Tom Murray, Bury St Edmunds


It was heartwarming to read in last week’s Bury Free Press that, rather than be left to quietly drown in a sea of rubbish, our much-revered pair of steel ‘florabunda’ trees have been moved to a place of safekeeping, while the powers that be come to a decision as to where they should be resited.

As it appears to be such a difficult and time-consuming task, might it be possible to ask the good people of Bury to come up with suggestions as where this pair of (£20,000) embarrassments end up?

Only decent/clean answers will be taken into consideration!

Brian Davies, Bury St Edmunds


I applaud the petition organised to leave street lights on all night (Bury Free Press, March 19) but how frustrating that the community has to take this measure in attempting to restore what should be basic council provision.

When the county council took this decision over 10 years ago, I voted against it and have continued to oppose. The decision to implement what they call ‘part-night lighting’ was based on evidence from Essex County Council with claims that crime did not increase and, in some areas, it even reduced.

Referring to the College of Policing website, it read, ‘overall, the evidence suggests that improved street lighting can reduce crime’, and so I contacted the Police and Crime Commissioner for clarification; who is right, the council or the police? He replied that it would not be appropriate for the constabulary to comment on any council policy.

In a later email he said that the constabulary would continue to request changes to street lighting on an individual basis where there was an evidence- based need.

So, if there’s an incident, the police can request the lights be switched on. I then asked the council why street lights remained on all night during Christmas Eve and New Year’s Eve even if there’s no incident.

They said it was because there were more people out and about. I have news for the county council; there are people out and about every night, often doing vital jobs such as hospital staff, other shift workers and those working in the nighttime economy.

Maybe some have just been on a night out but whatever the reason, everyone has the basic right to feel as safe as possible by removing the fear of crime. I believe the council has a duty to do all that is reasonable to ensure that happens but they choose not to do so.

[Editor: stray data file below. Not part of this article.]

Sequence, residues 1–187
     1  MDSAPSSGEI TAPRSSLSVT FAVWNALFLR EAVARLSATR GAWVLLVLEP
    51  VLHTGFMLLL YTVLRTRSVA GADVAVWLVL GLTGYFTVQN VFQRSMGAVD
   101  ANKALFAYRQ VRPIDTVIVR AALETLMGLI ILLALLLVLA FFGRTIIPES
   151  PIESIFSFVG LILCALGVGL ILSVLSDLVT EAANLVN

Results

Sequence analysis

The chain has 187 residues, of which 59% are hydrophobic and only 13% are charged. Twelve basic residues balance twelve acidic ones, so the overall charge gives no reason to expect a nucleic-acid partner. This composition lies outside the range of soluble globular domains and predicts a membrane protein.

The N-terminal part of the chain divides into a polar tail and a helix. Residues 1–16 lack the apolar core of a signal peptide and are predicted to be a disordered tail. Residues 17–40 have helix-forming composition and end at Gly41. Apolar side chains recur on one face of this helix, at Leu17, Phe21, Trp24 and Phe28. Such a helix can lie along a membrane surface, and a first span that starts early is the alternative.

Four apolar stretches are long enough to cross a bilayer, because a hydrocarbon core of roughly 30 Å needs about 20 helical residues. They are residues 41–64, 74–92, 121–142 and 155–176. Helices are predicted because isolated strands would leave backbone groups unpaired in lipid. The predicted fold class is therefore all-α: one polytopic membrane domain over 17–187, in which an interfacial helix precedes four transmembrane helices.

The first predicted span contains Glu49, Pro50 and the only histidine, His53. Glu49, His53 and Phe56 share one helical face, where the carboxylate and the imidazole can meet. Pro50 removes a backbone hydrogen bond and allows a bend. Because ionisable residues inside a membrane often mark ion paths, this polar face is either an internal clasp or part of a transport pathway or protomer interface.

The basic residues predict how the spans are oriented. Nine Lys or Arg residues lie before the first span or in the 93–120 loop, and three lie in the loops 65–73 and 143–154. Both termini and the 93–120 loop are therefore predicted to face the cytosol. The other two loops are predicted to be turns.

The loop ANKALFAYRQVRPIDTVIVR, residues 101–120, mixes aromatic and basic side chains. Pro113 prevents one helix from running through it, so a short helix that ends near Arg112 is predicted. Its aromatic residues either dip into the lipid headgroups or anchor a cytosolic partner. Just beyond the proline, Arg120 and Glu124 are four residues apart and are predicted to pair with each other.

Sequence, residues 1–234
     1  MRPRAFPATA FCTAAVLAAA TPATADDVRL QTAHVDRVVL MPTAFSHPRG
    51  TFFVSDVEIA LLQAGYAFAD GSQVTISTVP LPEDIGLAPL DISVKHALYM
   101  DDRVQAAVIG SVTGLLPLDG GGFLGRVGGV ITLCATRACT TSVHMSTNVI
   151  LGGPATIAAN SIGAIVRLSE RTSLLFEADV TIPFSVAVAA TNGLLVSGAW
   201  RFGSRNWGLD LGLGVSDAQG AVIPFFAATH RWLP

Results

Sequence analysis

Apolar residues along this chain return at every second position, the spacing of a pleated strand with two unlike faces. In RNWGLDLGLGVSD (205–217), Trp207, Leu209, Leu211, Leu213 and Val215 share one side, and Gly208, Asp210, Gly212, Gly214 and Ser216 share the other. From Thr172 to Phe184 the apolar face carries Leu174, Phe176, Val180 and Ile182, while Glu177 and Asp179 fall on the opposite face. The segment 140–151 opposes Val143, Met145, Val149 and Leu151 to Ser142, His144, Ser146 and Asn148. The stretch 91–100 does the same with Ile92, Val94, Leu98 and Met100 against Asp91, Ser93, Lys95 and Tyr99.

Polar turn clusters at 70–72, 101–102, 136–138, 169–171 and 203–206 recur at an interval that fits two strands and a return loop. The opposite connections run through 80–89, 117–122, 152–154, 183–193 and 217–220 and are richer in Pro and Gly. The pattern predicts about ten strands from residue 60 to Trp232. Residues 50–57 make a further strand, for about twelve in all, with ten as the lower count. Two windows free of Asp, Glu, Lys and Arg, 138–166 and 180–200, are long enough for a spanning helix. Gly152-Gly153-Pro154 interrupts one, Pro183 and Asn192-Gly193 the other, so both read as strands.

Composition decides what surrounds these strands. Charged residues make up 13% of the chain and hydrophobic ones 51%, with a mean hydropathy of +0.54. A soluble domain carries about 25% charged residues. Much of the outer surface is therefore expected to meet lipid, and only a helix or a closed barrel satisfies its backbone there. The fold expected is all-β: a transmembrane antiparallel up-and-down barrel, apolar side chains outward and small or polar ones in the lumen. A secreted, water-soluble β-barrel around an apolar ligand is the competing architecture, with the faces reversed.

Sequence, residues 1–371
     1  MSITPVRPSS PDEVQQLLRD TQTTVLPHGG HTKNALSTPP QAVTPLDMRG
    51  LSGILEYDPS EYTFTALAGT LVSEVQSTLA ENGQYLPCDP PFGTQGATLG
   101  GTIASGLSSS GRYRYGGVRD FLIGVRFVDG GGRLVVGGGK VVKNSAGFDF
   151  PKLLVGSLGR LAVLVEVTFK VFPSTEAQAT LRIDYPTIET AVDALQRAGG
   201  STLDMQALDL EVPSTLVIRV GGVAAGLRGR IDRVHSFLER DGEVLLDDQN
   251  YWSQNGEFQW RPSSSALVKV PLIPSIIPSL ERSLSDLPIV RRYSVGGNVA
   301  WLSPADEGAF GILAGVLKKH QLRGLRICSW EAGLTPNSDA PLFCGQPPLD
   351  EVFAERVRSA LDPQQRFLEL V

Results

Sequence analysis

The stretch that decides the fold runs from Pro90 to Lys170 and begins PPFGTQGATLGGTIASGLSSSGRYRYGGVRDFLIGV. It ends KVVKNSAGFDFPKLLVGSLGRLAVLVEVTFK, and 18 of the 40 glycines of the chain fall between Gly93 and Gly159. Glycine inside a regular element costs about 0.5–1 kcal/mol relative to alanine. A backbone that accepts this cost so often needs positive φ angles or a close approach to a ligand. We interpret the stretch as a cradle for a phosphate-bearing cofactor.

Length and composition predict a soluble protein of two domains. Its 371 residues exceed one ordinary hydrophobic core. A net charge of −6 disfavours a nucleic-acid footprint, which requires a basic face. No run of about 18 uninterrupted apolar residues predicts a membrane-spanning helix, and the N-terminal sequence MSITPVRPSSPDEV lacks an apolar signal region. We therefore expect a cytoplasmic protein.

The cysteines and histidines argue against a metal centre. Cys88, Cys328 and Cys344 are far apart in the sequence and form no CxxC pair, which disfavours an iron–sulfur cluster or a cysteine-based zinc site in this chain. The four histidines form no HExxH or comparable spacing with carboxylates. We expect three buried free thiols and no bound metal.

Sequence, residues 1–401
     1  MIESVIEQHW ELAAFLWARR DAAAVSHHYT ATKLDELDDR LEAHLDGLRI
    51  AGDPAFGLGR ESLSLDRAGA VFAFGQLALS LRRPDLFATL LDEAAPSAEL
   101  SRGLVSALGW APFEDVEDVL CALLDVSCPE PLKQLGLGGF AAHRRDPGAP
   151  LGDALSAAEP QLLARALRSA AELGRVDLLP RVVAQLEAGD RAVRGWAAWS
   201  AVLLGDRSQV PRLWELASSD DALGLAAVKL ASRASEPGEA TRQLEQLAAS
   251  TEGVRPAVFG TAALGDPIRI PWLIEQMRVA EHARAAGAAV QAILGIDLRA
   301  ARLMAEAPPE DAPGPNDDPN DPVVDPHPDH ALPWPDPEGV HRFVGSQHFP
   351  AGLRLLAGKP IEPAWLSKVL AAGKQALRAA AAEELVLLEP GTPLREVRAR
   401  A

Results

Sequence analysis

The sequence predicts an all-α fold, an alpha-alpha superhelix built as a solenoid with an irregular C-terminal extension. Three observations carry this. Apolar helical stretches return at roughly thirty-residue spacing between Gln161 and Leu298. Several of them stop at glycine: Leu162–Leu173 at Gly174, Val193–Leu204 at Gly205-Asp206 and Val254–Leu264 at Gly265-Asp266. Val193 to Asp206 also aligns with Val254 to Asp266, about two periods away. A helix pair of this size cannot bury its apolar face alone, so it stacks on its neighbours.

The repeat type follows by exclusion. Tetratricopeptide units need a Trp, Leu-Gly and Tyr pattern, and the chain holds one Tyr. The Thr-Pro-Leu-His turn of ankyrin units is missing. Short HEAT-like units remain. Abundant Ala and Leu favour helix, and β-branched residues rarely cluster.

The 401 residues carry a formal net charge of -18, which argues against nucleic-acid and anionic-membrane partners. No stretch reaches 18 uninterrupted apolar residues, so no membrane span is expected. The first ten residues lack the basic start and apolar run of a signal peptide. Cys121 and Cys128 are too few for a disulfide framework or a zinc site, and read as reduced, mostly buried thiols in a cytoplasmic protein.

I really hope the petition succeeds but it’s not easy to sway those who know the price of everything but the value of nothing.

Trevor Beckwith, Suffolk County Councillor, Eastgate and Moreton Hall Division


Boris Johnson apparently can’t find the money to give NHS workers the decent pay increase they deserve and foreign aid is being cut by some £4 billion.

But, according to the Defence Review, we are about to see the biggest increase in military spending since the end of the Cold War (£24 billion over four years), including new funding for high-tech warfare with armed drones; increasing Trident nuclear warheads from 180 to 260; a new artificial intelligence centre and a new RAF space command, and a National Cyber Force.

We need huge infrastructure investment to tackle the climate crisis but the Government only pledges £11.6 billion to make that a reality. Added to previous commitments, that makes £24 billion for the climate vs £188 billion for the military over four years.

Other nations have reduced the number of their nuclear warheads since 2019 – why aren’t we reducing ours?

Sadly, our Government seem to be fixated on military threats instead of using diplomacy and, instead of maintaining foreign aid, preparing for another global pandemic (which scientists say is highly likely), and working towards a much-needed new green economy.

Perry Morley, Depden


I can only but agree with Marion Duncan (Letters, March 19) that the John Appleby Rose Garden is looking very sad.

I understand that there are underlying issues that the gardeners there are trying to address. Let us hope that these can be resolved and the roses can bloom again as they have in the past.

May I remind people that Bury in Bloom is a sub-committee of the Bury Society and not a separate entity.

Martyn Taylor, Chairman, The Bury St Edmunds Society


I note that the poetic ‘host of golden daffodils’ on the Mildenhall estate green are again this year the target of mindless vandalism (actually witnessed).

‘Ah, here’s some daffodils, I’ll just whack them with my stick before I go to school, then just finish them off when I return’.

Brenda Hudson, Bury St Edmunds